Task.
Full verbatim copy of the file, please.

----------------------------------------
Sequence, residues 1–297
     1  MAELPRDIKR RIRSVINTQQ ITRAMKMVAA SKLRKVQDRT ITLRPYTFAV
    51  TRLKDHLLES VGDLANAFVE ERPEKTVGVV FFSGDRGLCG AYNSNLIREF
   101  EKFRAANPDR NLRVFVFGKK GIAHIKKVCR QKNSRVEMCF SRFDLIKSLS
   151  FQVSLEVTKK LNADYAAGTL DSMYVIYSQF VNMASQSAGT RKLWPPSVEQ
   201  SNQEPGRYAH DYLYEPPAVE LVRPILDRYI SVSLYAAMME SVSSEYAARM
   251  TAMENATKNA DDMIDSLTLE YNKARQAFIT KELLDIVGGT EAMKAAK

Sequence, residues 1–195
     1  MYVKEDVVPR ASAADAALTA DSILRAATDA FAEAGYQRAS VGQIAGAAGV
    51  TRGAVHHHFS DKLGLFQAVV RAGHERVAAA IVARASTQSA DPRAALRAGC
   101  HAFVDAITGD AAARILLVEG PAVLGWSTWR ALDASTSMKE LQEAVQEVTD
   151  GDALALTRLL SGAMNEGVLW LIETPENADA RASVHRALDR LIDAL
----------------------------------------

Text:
Sequence, residues 1–297
     1  MAELPRDIKR RIRSVINTQQ ITRAMKMVAA SKLRKVQDRT ITLRPYTFAV
    51  TRLKDHLLES VGDLANAFVE ERPEKTVGVV FFSGDRGLCG AYNSNLIREF
   101  EKFRAANPDR NLRVFVFGKK GIAHIKKVCR QKNSRVEMCF SRFDLIKSLS
   151  FQVSLEVTKK LNADYAAGTL DSMYVIYSQF VNMASQSAGT RKLWPPSVEQ
   201  SNQEPGRYAH DYLYEPPAVE LVRPILDRYI SVSLYAAMME SVSSEYAARM
   251  TAMENATKNA DDMIDSLTLE YNKARQAFIT KELLDIVGGT EAMKAAK

Sequence, residues 1–195
     1  MYVKEDVVPR ASAADAALTA DSILRAATDA FAEAGYQRAS VGQIAGAAGV
    51  TRGAVHHHFS DKLGLFQAVV RAGHERVAAA IVARASTQSA DPRAALRAGC
   101  HAFVDAITGD AAARILLVEG PAVLGWSTWR ALDASTSMKE LQEAVQEVTD
   151  GDALALTRLL SGAMNEGVLW LIETPENADA RASVHRALDR LIDAL